Che Bella Donna
Suzanne Ferry Chesson
Hayward Fault Line Winning Story

S he pondered the clinical manifestations. When you hear the clip-clop of hooves in Central Park, don't suspect zebras.

The light in the lab was dim and bright at the same time, from cheap flourescent tubes. Why are these places always painted green, she wondered. To make it feel lifelike, vernal? Ah, sweet lovers love the spring. A bit late for that crap here.

Poisoning. Last meal two nights ago. No locally-harvested wild mushrooms. Feces-borne bacteremia ruled out. Had dry mouth, headache, was febrile then convulsive.

Footsteps coming down the metal stairwell. The hairs on her neck tingled at the clang of the fire doors as they closed on the stairs; the deceased's doctor would soon peek into her lab for results. Rarely do they walk all the way into this room, she mentally noted, because they are chickenshit assholes. They linger halfway-in, halfway-out. This place rubs their failures in their faces and they can't stand it. Upstairs they are Big Men On Campus. Here they are nothing. Especially the good Dr. Lane.

"Hi Darlene," he piped breezily, "got any results? I know I'm pushing you but the family would like to know."

Treats me with deference, now, she observed, with detached amusement. These doctors usually just grab the case file and leave without much of a chat.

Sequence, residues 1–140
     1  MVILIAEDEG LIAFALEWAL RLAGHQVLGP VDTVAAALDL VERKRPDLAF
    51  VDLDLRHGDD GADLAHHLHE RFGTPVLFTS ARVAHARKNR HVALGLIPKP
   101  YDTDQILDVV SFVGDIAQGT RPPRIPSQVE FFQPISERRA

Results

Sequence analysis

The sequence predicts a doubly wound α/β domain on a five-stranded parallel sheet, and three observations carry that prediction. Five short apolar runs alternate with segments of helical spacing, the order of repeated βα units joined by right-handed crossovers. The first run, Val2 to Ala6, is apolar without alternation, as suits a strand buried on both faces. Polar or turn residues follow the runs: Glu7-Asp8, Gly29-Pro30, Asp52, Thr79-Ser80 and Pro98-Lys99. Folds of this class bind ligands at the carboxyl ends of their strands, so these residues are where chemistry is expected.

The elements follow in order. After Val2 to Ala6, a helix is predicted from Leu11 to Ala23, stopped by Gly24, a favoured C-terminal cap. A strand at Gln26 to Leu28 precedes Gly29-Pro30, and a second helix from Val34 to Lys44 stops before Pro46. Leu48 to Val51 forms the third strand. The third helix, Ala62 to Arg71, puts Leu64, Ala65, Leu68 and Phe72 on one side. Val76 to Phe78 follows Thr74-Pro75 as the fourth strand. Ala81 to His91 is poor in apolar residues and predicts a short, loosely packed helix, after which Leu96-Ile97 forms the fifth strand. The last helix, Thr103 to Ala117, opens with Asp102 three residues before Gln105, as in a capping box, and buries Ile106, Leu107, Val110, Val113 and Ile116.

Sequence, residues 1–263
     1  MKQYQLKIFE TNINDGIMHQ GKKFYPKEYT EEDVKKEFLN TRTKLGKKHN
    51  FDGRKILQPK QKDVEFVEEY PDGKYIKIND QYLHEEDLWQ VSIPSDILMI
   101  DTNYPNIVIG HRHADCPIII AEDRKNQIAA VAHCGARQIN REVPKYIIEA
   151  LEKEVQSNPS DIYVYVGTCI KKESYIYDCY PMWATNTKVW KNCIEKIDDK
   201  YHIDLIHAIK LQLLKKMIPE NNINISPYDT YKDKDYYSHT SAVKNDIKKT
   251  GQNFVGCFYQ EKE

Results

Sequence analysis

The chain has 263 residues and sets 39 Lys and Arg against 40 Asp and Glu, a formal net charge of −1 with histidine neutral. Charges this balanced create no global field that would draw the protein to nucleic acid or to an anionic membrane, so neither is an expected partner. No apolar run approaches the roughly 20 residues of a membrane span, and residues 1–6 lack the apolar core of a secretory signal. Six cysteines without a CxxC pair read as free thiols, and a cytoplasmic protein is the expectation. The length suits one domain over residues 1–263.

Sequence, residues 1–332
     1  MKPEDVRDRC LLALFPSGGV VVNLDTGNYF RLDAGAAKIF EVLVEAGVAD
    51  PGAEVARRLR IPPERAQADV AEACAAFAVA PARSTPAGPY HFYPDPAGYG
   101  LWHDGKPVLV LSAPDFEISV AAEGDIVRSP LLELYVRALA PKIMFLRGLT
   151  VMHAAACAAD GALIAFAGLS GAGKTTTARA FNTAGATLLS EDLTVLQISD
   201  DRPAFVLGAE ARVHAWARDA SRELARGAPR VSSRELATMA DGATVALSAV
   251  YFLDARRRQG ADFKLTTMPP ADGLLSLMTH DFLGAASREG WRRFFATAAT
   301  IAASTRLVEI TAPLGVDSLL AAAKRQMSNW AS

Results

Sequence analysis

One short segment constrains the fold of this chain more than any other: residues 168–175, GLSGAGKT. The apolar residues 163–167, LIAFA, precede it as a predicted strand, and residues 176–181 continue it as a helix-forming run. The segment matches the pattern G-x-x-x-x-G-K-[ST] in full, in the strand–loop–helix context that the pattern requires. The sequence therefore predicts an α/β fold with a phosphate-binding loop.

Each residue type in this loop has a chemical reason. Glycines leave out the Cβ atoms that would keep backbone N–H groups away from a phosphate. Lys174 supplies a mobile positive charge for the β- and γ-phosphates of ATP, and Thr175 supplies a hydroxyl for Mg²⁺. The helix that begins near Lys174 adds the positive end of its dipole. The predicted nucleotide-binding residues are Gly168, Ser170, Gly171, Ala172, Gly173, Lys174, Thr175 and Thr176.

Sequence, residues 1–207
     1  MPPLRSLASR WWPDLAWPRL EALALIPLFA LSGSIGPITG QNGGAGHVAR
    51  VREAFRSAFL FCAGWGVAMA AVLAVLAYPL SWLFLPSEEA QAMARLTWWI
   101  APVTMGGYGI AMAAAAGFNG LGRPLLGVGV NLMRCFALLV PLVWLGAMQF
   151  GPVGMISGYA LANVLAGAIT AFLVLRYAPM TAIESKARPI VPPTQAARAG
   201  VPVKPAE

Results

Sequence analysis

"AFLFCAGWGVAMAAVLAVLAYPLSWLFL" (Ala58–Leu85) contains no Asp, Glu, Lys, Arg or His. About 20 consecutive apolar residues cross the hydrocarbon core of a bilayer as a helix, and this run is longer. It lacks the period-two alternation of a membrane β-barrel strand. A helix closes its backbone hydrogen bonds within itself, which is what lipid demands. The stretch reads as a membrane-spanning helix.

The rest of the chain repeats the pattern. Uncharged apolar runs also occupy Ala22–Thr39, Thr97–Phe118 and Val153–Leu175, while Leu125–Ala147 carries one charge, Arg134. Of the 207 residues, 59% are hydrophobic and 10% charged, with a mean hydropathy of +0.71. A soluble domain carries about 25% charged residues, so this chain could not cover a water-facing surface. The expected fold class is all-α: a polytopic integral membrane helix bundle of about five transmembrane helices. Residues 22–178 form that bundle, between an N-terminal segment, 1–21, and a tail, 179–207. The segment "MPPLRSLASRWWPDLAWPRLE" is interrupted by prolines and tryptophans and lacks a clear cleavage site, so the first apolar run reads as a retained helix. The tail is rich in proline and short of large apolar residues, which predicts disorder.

"Are you referring to the late bella ragazza Francesca Marini, Doctor?" she inquired sweetly.

"Knock it off, Dar," he said, in a voice suddenly ugly. "What killed her? What can you find?"

"La Donna Marini ingested enough atropine to kill a horse. Where'd you suppose she got that?"

"She came in for acute inflammation of the sacroileus. Scopalomine was to relax her, let her sleep. What are you suggesting?" he asked angrily, stepping all the way into the room.

"Hmmm. Relax her. Put her in the mood. Back pain kills romance, doesn't it? You used to write me out whatever prescription I needed, back when we were . . . well. By the way, how was the pie at your cozy little diner a deux?" Darlene asked. "Bet you thought it was from your doting mother, who still does your goddamn laundry. No. It was a peace offering. I picked the berries myself. We still have to work together and I want to be adult about it. The berries are atropa belladonna, of the nightshade family: perfect dessert for a lovely italian whore. Lucky you lack a sweet tooth or your results might be here, too. How coincidental that plant-derived atropine is so chemically similar to scopalomine. Cause of death: scopalomine poisoning, Doctor dear."

A uniformed officer tapped on the lab door window, reluctant to step all the way in.




First published: August 1998
comments: knobs@iceflow.com